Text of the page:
• What type of support can be expected? Since CNG fuel tanks are meant to last up to 25 years, choice of a partner that can support that product over its usable lifespan is key. Support includes availability of parts, like O-rings and valves, along with direct-replacement tanks. But support also includes customer service and repairs. A fuel tank supplier is more valuable if it has representatives that can head into the field, diagnose a problem and fix it.

These three questions should be considered a starting point. Answers to these, and other questions, will provide system integrators important data on how a fuel tank supplier’s processes maximize system design and performance, which will help meet the needs of fleet operators, both today and well into the future.

Wayne Powers leads the strategic growth and day-to-day operations of Worthington Industries’ Alternative Fuels business.

Electric vs. CNG Buses – which will lead in next 10 years?

Bus fueling station CNGPublic transit buses operating in the U.S. are showing some impressive numbers for alternative fuels and advanced vehicle technologies. The American Public Transportation Association (APTA)’s annual Earth Day report in April said that 41.3% of public transportation buses use alternative fuels or hybrid technologies (as of the start of 2014); that’s broken down into 16.9% hybrid, 16.7% natural gas, 7.4% biodiesel, and 0.3% other alternative fuels including propane and hydrogen. Electric buses are starting to take off with transit agencies, as well.

The Massachusetts Department of Transportation (MassDOT) will be investing in hybrid and natural gas vehicles. MassDOT’s board of directors approved a $222.2 million contract for 325 new replacement buses for the MBTA fleet – 40 of these will be 40-foot low floor hybrid and compressed natural gas (CNG) buses to begin in July 2016. The buses are coming from New Flyer, Inc., and are being funded with 80% Federal Formula funds and 20% Massachusetts Bay Transportation Authority (MBTA) Revenue Bond funds.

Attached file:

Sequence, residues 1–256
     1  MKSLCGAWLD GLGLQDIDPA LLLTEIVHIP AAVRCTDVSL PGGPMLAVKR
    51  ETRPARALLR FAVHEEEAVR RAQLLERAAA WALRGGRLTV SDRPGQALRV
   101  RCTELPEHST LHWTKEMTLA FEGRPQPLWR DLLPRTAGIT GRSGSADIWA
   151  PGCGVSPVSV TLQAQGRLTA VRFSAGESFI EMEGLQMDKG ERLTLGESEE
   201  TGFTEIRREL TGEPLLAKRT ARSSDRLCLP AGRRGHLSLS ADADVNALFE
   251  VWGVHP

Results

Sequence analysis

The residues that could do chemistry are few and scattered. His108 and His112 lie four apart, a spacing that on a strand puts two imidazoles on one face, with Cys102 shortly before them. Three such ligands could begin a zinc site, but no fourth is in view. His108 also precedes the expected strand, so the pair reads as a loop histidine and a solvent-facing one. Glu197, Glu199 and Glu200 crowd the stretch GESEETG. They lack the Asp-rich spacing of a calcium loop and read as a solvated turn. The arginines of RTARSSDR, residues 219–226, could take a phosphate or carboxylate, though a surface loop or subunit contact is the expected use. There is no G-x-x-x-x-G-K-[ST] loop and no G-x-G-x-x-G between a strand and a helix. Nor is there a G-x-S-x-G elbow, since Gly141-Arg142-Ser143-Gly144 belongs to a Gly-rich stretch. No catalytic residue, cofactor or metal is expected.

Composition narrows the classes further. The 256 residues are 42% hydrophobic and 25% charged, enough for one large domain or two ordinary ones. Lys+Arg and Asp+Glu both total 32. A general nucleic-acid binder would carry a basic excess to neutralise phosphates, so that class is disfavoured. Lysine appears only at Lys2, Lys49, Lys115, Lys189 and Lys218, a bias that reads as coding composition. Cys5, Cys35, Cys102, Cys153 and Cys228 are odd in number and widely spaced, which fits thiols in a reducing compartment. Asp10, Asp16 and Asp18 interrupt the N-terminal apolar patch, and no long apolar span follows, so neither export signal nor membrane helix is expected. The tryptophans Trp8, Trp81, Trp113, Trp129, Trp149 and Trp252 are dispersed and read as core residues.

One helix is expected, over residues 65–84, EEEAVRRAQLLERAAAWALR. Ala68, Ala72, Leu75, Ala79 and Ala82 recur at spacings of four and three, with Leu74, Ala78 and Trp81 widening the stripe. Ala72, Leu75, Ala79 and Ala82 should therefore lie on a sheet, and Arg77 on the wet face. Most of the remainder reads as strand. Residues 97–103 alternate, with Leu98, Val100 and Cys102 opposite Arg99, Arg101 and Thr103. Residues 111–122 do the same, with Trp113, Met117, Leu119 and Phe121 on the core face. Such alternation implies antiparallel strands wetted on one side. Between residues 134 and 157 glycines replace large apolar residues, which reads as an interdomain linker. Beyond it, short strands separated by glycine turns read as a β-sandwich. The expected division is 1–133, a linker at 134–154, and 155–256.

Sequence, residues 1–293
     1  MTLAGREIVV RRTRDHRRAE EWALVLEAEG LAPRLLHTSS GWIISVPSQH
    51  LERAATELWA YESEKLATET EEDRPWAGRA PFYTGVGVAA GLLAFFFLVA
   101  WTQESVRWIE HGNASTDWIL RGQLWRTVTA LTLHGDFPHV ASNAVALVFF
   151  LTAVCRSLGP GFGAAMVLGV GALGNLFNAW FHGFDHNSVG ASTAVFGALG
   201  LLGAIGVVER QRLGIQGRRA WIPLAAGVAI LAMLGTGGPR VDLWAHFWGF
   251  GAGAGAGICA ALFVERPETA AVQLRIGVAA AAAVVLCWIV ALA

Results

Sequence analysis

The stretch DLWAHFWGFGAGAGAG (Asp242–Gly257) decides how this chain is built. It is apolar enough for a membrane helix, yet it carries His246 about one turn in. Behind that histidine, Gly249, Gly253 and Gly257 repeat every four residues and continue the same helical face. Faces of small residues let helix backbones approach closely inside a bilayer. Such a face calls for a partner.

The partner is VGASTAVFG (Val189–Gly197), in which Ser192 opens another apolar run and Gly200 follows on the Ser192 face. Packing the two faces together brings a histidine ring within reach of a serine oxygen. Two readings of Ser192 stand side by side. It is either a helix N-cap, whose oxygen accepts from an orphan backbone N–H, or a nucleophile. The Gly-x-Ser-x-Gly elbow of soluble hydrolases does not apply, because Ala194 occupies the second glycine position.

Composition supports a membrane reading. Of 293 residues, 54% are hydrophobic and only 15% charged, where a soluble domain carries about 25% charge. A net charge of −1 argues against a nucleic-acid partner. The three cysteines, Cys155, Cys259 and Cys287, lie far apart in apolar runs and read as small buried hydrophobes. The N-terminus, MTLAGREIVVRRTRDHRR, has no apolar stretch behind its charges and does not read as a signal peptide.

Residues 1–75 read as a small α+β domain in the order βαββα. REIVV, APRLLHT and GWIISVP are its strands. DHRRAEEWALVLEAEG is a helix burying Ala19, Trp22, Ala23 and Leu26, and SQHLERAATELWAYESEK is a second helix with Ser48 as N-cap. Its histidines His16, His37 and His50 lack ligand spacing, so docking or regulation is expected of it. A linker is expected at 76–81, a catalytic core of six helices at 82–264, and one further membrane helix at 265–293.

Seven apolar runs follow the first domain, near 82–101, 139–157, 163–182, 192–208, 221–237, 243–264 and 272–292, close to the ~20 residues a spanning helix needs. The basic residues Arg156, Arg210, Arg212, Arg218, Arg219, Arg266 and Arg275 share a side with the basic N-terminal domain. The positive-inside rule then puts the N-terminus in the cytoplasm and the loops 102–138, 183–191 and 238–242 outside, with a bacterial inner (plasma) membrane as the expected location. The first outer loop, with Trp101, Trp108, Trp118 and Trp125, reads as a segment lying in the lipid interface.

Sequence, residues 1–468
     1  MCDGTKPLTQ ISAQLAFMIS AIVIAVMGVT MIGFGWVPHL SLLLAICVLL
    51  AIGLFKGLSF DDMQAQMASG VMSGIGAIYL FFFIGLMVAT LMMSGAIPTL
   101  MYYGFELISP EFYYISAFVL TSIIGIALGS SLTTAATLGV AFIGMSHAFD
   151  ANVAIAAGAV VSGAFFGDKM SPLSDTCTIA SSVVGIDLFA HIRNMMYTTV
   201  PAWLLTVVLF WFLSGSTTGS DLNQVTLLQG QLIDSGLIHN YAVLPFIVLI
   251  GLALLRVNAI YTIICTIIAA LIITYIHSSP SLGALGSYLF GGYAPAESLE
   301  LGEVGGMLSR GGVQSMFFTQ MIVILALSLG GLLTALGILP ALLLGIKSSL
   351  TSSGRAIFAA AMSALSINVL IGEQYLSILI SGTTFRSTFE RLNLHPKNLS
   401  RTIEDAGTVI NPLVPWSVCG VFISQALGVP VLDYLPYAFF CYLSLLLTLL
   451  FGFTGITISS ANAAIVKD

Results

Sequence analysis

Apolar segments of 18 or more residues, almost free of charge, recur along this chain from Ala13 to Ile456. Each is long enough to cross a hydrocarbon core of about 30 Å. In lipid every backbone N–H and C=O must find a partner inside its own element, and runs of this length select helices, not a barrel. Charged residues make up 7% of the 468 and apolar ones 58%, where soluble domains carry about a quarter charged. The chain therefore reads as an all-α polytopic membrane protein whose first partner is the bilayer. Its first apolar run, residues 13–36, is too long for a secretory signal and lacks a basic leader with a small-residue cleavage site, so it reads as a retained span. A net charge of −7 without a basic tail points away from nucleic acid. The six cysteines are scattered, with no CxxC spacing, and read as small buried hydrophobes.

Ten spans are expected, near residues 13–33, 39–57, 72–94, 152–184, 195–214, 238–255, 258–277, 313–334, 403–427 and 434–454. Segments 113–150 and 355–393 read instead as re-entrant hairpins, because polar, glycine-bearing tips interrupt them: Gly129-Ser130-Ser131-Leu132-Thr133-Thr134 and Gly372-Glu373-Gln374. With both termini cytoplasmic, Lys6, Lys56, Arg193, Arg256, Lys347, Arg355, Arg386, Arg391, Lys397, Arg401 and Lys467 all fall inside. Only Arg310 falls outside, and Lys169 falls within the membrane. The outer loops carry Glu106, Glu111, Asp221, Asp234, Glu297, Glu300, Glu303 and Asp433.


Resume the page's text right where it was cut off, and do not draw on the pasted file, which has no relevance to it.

MassDOT’s alternative fuel strategy has been similar to one adopted 15 years ago in California, where several cities are now operating hybrid and CNG buses. About 60% of California buses now run on CNG, compared with 17% nationwide.


California’s Air Resources Board (CARB) has mandated a switch to “zero-emission” buses by 2040, creating a challenge for suppliers of hybrid and CNG buses to find a market in the state. As of March, there were 22 battery-powered electric buses and seven fuel-cell powered buses in California transit fleets, according to CARB. One challenge with electric buses is range – about 155 miles typically on a charge versus about 300 miles on a fueling for diesel- or natural gas-powered buses. Fuel cell buses have a much longer range than electric buses, but the lack of hydrogen fueling infrastructure limits range.


In response, the California Natural Gas Vehicle Coalition has proposed expanding the definition of “zero-emission vehicles” to include buses powered by renewable natural gas, which comes from cow manure or decomposing organic matter in landfills. The payoff is enormous, according the coalition. While traditional natural gas offers a reduction in greenhouse gases of about 15% to 20% over diesel, renewable natural gas offers a reduction of about 90% over diesel, the coalition says.


The charging/fueling cost is different, too – with a natural gas bus costing an average of $27,000 to fuel annually and an electric bus costing about $10,500 for charging. Fuel cost savings is helping to make CNG, hybrid, and electric buses more attractive when compared to diesel-powered buses.